_ =f.readline()
        strPrimes=f.read().split() 
        
        return np.array([int(p) for p in strPrimes])
    return None


def sequenceSnake(N=1000, D=4, sequence =None):
    if sequence is None:
        primes=np.array(readPrimes())
        sequence=primes
    
    def isInSequence(n):
       index=np.searchsorted(sequence,n)
       return n==sequence[index]
    
    def getCoords4(pos, dir):
       x=pos[0]
       y=pos[1]
       if dir==0:
          return x+1,y
       if dir==1:
          return x,y+1
       if dir==2:
          return x-1,y
       if dir==3:
         return x,y-1
    
    def getCoords8(pos, dir):
       x=pos[0]
       y=pos[1]
       if dir==0:
          return x+1,y
       if dir==1:
          return x+1,y+1
       if dir==2:
          return x,y+1
       if dir==3:
          return x-1,y+1
       if dir==4:
          return x-1,y
       if dir==5:
          return x-1,y-1
       if dir==6:
          return x,y-1
       if dir==7:
          return x+1,y-1
    
    dir=0
    x,y=(0,0)
    p=1
    
    ymax=0
    xlist=[]
    ylist=[]
    clist=[]
    plist=[]
    for i in range(0,N):
        if D==4: 
            x,y=getCoords4((x,y),dir)
        else:
            x,y=getCoords8((x,y),dir)
        if i >= sequence[-1]:
           print("warning: out of range, i="+str(i))
           break
        if isInSequence(i):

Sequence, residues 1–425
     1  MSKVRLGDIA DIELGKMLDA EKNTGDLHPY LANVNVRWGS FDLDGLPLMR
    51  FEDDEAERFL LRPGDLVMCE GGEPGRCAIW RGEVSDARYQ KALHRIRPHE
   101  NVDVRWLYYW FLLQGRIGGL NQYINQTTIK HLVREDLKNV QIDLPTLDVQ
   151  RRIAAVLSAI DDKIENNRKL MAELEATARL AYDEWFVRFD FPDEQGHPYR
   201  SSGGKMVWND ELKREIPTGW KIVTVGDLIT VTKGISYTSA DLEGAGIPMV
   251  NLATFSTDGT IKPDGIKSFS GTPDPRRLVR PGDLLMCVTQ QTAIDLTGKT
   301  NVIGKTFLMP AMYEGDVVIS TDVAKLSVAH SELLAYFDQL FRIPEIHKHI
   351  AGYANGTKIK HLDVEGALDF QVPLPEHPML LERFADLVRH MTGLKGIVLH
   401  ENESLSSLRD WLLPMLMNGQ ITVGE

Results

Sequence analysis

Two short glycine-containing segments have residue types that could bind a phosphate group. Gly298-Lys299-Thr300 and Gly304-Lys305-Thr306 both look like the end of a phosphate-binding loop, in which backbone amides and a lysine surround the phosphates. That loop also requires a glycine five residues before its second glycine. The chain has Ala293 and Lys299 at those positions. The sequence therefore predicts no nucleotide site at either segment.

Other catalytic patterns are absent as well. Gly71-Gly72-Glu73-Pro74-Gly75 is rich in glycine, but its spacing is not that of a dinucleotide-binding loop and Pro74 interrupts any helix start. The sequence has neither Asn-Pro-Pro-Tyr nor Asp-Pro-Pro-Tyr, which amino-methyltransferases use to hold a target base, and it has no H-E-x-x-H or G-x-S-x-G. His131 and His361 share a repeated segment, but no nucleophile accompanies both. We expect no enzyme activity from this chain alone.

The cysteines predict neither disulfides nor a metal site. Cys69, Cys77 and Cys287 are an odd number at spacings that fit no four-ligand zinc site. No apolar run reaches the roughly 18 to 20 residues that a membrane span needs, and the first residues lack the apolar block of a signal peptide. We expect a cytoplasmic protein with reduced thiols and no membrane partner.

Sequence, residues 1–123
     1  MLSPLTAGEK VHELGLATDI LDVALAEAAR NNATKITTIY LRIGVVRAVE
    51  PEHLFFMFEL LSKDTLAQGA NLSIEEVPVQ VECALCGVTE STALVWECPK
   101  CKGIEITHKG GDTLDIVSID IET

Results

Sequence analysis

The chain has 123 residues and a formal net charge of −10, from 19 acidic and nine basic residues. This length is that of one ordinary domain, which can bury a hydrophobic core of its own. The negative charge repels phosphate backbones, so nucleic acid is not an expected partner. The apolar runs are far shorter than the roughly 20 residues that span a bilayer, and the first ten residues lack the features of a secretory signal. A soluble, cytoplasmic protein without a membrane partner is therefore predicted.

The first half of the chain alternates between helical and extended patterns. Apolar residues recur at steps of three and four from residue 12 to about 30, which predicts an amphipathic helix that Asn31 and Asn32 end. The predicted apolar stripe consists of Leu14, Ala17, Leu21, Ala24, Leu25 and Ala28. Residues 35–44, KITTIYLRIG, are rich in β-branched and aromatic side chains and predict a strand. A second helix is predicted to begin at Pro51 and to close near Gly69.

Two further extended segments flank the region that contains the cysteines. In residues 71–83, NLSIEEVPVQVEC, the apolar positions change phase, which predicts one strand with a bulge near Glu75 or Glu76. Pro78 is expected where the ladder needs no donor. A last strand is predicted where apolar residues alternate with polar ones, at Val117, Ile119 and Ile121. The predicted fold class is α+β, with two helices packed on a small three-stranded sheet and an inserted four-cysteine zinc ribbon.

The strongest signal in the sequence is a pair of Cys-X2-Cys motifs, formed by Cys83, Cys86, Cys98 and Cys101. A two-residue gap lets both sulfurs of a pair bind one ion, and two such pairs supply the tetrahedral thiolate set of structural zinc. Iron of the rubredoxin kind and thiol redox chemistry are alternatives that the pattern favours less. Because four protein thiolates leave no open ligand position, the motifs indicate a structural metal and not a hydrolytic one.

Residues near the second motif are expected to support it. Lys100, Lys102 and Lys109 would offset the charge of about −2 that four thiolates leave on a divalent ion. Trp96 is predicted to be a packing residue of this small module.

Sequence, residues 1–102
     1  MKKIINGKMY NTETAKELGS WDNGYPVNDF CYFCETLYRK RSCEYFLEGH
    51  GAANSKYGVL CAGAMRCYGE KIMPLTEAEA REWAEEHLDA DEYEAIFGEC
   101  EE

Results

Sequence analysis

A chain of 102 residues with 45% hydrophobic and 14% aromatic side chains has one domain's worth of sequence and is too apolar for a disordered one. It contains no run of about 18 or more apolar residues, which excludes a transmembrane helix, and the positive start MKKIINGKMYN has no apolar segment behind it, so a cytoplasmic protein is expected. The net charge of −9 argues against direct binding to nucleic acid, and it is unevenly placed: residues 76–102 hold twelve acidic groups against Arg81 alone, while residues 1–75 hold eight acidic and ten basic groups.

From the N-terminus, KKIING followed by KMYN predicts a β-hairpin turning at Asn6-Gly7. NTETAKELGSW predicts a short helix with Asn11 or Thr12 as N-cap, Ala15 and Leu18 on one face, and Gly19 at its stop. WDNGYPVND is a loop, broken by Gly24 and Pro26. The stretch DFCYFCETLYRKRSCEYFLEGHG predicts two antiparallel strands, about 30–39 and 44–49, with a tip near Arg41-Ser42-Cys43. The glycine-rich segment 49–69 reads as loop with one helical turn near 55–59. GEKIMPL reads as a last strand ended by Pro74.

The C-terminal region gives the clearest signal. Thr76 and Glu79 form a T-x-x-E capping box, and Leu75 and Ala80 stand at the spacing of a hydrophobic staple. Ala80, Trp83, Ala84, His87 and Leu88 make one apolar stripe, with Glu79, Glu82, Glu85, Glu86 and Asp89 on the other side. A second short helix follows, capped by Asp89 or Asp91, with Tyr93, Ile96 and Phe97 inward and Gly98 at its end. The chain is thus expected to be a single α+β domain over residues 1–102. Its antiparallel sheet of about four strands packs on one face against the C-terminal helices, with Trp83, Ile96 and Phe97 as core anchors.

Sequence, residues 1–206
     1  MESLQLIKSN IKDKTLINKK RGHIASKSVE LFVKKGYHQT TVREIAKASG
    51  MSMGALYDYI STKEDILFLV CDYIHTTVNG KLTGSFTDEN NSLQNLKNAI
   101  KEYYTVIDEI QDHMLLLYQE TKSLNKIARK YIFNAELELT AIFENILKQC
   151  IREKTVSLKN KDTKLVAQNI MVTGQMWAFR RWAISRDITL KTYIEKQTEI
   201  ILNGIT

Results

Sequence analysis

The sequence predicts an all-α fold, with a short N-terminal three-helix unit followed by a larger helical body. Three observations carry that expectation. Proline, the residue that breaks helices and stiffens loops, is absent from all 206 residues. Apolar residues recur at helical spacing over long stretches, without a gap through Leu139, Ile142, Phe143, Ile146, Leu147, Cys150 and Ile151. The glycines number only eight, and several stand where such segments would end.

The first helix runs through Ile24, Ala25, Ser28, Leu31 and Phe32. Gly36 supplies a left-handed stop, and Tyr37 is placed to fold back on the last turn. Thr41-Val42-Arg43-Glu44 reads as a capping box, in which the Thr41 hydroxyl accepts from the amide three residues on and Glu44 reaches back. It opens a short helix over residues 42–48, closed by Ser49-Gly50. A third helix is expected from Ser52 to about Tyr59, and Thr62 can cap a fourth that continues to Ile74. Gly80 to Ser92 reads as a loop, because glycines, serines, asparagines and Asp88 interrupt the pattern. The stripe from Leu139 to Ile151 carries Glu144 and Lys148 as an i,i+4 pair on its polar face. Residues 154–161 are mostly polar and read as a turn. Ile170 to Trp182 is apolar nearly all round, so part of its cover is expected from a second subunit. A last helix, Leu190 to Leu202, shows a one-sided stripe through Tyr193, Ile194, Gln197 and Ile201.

p=i
           plist.append((p,x,y))
           dir=(dir+1)%D
        #print(i, dir)
        if np.abs(y)>ymax:
           ymax=np.abs(y)
        clist.append(p)
        xlist.append(x)
        ylist.append(y)
        
    return xlist, ylist, clist,plist,ymax


#
showAnnotate=False    
showFirstAndLastPrime=True
drawLine=False
n=10000
seqType=0
seq=None # default is prime number sequence.

#different sequences to test
if seqType==1:
    #fibonacci sequence
    seq=np.array(list(fib(1000)))
elif seqType==2:
    #square sequence
    seq=np.arange(1000)**2
elif seqType==3:
    #cumulative random sequence
    seq=np.random.randint(10, size=10000)
    seq=np.cumsum(seq)

    
xlist, ylist, clist,plist, ymax = sequenceSnake(N=n, D=4, sequence=seq)

if drawLine:
    plt.plot(xlist,ylist, 'k-')

plt.scatter(xlist, ylist,  marker='.', c=clist, cmap=plt.cm.prism)
#

if showAnnotate:
   for i,item in enumerate(plist):
       if i%100== 0:
           annot(plist,i, ymax)
        
        
if showFirstAndLastPrime: 
    annot(plist,0, ymax)
    annot(plist,-1, ymax)
      

plt.show()
          

And a picture of about 1 million steps... Primes up to 1 mio.

Edit: For fun, also an image with directions:E, NE, N, NW, W, SW, S, SE instead of only E, N, W, S enter image description here

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  • $\begingroup$ Note on the differences in appearances of the images in the question and here: the images in the question were made on an iPad/pythonista, and these where made on a Windows pc/Spyder. Furthermore, I decided to remove the lines for the 1 mio steps case. $\endgroup$ – Stefan Jan 18 at 18:09